However, you can take more money out in Direct Unsubsidized Loans compared to what you could access in your undergraduate years, which we’ll go over in the next section.
Direct Unsubsidized Loans
What exactly is a Direct Unsubsidized Loan? It’s a loan that offers a low, fixed interest rate and flexible repayment options. However, unlike a Direct Subsidized Loan, the government does not pay the interest while you’re in college and during the grace period. Graduate students can tap into up to $20,500 at an interest rate of 5.28%, for the 2021-2022 school year.
Grad PLUS Loans
To qualify for a grad PLUS loan, also called a Direct PLUS Loan, you must be a graduate or professional student enrolled at least half-time in a program that will lead to a graduate or professional degree or certificate. You must not have an adverse credit history or must meet additional criteria to be considered if you do not meet credit standards.
You can borrow up to the cost of attendance of your graduate school program minus other financial assistance you get. The current interest rate for Direct PLUS Loans for graduate students is a fixed 6.28%.
All students must meet general eligibility requirements for federal student aid to qualify for loans.
Tips on Filling Out FAFSA as a Grad Student
When you fill out the FAFSA as a graduate student, what can you expect? Continue reading for more information on when you’ll hear back and the average disbursed amount you can receive.
When Will You Hear Back?
You’ll submit your Federal Student Aid (FSA) ID and information about your Social Security number or Alien Registration Number, bank account balances and investment account information as well as federal income tax information. Your dependency status will differ, however, because you’re no longer considered a dependent student and will not input your parents’ information onto the FAFSA.
Once you submit the FAFSA form, you’ll receive a Student Aid Report (SAR) in up to three weeks and can learn basic information about your aid eligibility through that report.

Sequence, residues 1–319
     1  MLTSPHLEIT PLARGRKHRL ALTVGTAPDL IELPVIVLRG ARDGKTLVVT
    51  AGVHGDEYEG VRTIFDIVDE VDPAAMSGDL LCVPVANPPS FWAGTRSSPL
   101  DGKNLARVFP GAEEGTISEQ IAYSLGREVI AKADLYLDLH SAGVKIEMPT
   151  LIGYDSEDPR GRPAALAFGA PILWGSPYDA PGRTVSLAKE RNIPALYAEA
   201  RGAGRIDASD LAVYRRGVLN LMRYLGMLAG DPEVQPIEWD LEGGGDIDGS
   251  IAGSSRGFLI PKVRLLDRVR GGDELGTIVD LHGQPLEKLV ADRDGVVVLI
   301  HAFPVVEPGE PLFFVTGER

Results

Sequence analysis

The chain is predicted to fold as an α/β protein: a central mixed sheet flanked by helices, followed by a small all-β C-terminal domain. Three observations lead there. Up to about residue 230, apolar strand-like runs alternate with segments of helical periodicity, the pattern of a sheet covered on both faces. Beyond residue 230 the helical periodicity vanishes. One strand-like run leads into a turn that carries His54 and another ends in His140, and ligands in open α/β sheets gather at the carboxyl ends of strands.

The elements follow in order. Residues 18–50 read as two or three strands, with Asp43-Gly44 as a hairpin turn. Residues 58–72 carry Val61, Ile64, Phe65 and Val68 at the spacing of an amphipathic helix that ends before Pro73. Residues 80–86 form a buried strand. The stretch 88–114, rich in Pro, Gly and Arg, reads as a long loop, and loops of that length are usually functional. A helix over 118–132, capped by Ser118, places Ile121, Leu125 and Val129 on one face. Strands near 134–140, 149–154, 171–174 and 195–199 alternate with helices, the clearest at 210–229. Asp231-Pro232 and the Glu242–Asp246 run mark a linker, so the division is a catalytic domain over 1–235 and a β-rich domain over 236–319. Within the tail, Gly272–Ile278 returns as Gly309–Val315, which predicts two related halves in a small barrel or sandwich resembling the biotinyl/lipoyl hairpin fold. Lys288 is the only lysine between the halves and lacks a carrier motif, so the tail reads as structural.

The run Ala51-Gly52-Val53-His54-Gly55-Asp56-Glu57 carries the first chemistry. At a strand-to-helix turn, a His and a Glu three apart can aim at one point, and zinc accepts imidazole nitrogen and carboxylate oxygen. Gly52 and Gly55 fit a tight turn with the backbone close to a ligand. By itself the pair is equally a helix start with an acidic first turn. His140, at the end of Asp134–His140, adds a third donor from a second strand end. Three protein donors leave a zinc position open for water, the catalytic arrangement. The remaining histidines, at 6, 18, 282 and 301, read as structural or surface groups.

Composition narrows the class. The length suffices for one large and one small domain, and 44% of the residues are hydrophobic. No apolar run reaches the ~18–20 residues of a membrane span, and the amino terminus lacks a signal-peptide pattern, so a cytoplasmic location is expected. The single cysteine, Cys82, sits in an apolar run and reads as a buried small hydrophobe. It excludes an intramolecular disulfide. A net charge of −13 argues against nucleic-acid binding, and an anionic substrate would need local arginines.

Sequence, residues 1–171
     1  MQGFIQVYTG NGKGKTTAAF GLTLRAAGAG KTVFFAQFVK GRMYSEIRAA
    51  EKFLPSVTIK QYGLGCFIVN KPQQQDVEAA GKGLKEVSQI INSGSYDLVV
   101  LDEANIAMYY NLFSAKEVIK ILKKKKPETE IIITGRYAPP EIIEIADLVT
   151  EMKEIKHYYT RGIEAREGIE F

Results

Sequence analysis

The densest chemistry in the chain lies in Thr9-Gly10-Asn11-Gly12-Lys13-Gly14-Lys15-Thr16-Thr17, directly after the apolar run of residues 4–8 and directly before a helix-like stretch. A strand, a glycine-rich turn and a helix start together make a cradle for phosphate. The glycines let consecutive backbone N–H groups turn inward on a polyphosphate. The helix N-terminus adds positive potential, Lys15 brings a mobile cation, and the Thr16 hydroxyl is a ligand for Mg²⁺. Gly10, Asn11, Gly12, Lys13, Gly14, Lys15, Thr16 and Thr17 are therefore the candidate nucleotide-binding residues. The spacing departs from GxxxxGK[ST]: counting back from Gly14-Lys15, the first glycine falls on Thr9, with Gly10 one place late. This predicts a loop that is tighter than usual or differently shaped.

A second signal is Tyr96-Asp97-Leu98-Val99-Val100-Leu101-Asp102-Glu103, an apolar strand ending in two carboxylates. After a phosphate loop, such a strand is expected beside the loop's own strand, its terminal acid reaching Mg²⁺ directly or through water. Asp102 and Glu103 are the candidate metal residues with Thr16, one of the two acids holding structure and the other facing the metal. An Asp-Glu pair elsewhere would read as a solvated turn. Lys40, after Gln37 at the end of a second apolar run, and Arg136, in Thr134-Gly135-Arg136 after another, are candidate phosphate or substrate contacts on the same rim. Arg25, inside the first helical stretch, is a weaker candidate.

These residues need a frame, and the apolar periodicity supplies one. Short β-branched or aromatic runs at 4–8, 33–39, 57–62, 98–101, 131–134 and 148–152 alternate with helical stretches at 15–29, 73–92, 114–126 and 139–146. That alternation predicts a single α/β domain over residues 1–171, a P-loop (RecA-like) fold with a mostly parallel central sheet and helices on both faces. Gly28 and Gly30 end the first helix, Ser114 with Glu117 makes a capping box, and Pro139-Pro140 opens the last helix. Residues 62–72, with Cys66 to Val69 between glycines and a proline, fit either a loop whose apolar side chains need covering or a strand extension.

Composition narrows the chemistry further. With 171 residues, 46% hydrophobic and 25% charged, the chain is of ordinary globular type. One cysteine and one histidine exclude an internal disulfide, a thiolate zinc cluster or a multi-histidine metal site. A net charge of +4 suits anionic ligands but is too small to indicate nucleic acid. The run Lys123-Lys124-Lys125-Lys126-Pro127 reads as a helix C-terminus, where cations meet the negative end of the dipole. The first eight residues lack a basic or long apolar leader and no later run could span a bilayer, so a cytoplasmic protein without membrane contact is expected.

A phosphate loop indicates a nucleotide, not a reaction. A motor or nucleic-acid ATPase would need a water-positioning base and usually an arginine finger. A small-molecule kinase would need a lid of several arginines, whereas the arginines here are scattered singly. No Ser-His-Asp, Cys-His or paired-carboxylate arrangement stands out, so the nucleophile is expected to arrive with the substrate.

It’s a good idea to contact the graduate school you plan to attend to determine any other information you must submit to qualify for other types of institutional aid.
The university will then review your FAFSA information and other documents and send you a financial aid award that details the scholarships, grants, and federal student loans you can receive. You may receive your financial aid award not long after you receive your acceptance letter to the graduate school. However, every school is different, so it’s a good idea to ask the admission or financial aid office of your school for more information.
Average Disbursed Amount
Graduate Unsubsidized Loans have borrower caps. Again, you can access $20,500 at a current interest rate of 5.28%. Direct PLUS Loans have no maximum amount you can borrow and the fixed interest rate is 6.28%. You can borrow up to the cost of attendance for the institution with a Direct PLUS Loan.
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FAFSA for Grad School vs Undergrad
Let’s take a look at all the amount of money you can receive based on the FAFSA results across both undergraduate and graduate school, including the limits to unsubsidized loans. (The unsubsidized amount is aggregated across all years of graduate and undergraduate school.)
|Year||Dependent Students||Independent Students|
|First-Year Undergraduate Annual Loan Limit||$5,500 (not more than $3,500 in subsidized loans)||$9,500 (not more than $3,500 in subsidized loans)|
|Second-Year Undergraduate Annual Loan Limit||$6,500 (not more than $4,500 in subsidized loans)||$10,500 (not more than $4,500 in subsidized loans)|
|Third Year and Beyond Undergraduate Annual Loan Limit||$7,500 per year (not more than $5,500 in subsidized loans)||$12,500 (not more than $5,500 in subsidized loans)|
|Graduate or Professional Student Annual Loan Limit||Not applicable (graduate students are independent students)||$20,500 (unsubsidized only)|
|Subsidized and Unsubsidized Aggregate Loan Limit||$31,000 (not more than $23,000 can come from subsidized loans)||$57,500 for undergraduates (not more than $23,000 can come from subsidized loans); $138,500 for graduate or professional students (not more than $65,500 in subsidized loans, and this includes an aggregated amount from undergraduate school)|
Alternatives to Federal Aid
What alternatives to federal aid exist for graduate school? Let’s take a look at private student loans, grants, scholarships, fellowships and assistantships, and employer tuition assistance.
Private Student Loans